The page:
Oceana applauds new steps forward on transparency for Mediterranean fisheries

Press Release Date: November 8, 2021



Irene Campmany | email: icampmany@oceana.org | tel.: +34 682 622 245

The General Fisheries Commission for the Mediterranean has improved its Authorised Vessel List, helping to identify those that fish illegally
The expanded list still falls short on providing important information such as the vessel owner, previous flag and greater detail relating to the types of fishing licenses granted

Oceana welcomes the adoption by the General Fisheries Commission for the Mediterranean (GFCM) of a measure that will improve its Authorised Vessel List. As of the next round of reporting by GFCM member countries, the list will publicly display which vessels are allowed to fish in which restricted areas, allowing more transparency and effective monitoring. The measure is an outcome of the 44th annual GFCM Commission meeting that took place from the 2 – 6 November.

We applaud the decision of the GFCM to prioritise transparency and accountability in the fisheries sector by approving the modification of its Authorised Vessel List. This outcome will allow authorities, researchers and NGOs to cross-check information and have more clarity on which vessels can fish where, to prevent illegal activities at sea. To effectively tackle IUU fishing, it is essential to keep improving the list, to make it more complete and transparent”, said Helena Álvarez, Marine Scientist at Oceana in Europe.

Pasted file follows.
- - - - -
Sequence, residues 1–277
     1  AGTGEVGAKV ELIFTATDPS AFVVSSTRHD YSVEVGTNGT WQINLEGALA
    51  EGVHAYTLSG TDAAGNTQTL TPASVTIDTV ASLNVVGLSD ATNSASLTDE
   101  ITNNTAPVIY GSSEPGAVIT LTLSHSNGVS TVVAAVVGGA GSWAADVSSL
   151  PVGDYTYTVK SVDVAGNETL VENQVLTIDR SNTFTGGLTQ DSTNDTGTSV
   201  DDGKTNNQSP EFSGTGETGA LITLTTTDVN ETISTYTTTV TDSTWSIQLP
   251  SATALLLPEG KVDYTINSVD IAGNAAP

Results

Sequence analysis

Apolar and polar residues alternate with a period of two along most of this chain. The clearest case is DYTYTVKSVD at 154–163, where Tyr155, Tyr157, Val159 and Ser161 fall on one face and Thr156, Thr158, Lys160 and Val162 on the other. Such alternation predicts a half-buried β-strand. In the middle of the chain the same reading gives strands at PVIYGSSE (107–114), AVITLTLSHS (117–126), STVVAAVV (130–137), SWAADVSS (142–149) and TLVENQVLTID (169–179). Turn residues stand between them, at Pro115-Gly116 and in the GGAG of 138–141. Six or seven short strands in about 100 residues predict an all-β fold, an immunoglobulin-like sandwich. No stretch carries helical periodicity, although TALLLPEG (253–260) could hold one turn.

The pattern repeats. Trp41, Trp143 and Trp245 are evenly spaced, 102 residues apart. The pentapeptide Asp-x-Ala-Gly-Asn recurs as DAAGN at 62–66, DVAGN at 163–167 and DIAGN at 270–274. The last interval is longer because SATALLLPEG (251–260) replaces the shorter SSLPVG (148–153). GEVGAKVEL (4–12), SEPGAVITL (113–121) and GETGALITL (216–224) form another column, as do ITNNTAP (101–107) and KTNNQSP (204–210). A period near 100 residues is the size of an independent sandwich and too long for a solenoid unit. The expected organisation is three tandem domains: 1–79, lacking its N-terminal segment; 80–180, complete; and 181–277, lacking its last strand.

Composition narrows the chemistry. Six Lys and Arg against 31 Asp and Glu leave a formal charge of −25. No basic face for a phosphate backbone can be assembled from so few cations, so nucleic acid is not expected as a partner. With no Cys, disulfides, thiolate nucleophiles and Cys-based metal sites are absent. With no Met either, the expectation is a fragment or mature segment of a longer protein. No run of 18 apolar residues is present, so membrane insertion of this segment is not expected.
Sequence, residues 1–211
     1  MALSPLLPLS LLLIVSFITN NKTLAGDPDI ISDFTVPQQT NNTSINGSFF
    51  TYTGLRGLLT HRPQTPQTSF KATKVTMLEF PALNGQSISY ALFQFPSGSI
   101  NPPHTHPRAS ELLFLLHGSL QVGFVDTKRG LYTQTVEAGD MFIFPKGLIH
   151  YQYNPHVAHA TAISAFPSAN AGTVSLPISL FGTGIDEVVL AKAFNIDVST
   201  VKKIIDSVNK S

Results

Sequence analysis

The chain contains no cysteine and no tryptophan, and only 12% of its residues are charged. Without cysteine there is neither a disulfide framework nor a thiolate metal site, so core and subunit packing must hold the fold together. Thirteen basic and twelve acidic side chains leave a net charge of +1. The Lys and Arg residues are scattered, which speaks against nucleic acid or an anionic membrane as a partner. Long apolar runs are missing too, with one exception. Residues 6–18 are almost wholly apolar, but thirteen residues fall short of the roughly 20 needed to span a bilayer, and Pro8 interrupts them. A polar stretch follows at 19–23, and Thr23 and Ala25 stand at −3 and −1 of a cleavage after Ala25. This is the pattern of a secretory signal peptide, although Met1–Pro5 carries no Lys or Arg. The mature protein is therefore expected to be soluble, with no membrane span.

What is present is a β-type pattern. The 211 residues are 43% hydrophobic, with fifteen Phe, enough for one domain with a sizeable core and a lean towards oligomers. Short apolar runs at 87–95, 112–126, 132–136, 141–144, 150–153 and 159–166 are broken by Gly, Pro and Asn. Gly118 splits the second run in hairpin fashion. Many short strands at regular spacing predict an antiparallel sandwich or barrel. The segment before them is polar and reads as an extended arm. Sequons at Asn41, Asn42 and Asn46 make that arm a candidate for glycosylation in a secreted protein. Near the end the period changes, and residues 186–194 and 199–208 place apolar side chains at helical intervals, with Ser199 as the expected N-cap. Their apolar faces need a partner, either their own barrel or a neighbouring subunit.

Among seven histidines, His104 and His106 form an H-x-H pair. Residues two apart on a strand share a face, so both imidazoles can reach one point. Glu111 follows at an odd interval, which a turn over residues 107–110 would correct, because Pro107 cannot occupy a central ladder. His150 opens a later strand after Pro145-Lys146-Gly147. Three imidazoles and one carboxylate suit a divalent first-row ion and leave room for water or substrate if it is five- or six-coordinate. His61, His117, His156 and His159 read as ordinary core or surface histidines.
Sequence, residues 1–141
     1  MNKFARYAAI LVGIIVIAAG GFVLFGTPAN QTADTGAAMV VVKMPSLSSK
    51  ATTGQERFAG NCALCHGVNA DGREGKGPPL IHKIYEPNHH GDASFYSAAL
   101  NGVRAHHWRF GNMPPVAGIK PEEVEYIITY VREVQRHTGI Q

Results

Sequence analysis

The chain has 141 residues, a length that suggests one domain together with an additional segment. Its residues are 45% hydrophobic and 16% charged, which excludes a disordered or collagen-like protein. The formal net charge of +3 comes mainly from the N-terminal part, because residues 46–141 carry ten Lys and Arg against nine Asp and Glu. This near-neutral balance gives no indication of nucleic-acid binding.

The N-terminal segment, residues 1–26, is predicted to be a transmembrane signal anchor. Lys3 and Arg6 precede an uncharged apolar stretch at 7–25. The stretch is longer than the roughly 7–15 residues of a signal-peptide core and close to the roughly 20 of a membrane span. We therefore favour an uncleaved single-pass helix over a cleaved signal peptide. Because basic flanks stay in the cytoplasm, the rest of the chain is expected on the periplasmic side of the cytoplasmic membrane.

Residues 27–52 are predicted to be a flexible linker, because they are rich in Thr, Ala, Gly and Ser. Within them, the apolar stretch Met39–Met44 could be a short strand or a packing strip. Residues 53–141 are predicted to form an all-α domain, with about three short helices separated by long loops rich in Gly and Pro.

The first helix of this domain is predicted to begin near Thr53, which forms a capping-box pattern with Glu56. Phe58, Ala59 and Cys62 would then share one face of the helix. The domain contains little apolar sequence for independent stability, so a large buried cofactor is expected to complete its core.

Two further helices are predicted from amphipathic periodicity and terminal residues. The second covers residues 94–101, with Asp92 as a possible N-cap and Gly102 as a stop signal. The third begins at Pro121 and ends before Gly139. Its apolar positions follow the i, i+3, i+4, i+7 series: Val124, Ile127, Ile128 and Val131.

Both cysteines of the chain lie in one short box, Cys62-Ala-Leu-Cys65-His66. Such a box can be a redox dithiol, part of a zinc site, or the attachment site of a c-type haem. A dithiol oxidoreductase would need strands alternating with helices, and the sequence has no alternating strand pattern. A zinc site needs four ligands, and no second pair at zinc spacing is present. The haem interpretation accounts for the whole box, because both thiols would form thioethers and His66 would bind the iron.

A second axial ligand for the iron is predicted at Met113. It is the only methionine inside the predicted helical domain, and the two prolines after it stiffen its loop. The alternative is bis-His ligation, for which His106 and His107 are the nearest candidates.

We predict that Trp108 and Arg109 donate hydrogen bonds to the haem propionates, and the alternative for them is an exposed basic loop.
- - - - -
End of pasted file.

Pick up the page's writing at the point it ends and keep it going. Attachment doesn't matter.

Oceana asks Mediterranean countries to further expand the information included within the GFCM Authorised Vessel List, requiring additional important information such as the vessel owner, previous flag and greater detail relating to the types of fishing licenses granted. Following best practices in other RFMOs, this information should be publicly accessible through the GFCM website, along with all other information contained within GFCM’s Authorised Vessel List.
Oceana also welcomes the adoption of a new Fisheries Restricted Area (FRA) in the Bari submarine canyon in the South Adriatic Sea, a 1000 km2 area closed to bottom trawling, protecting important cold-water coral reefs, nursery grounds for sharks and essential fish habitats for European hake, red mullet and deep-rose shrimp. At the meeting, the proposal to permanently establish the Jabuka/Pomo Pit FRA (Northern Adriatic) was also adopted. For Oceana, these steps are important advances to improve the protection of vulnerable marine ecosystems and expand the network of fisheries closures in the Mediterranean and Black seas.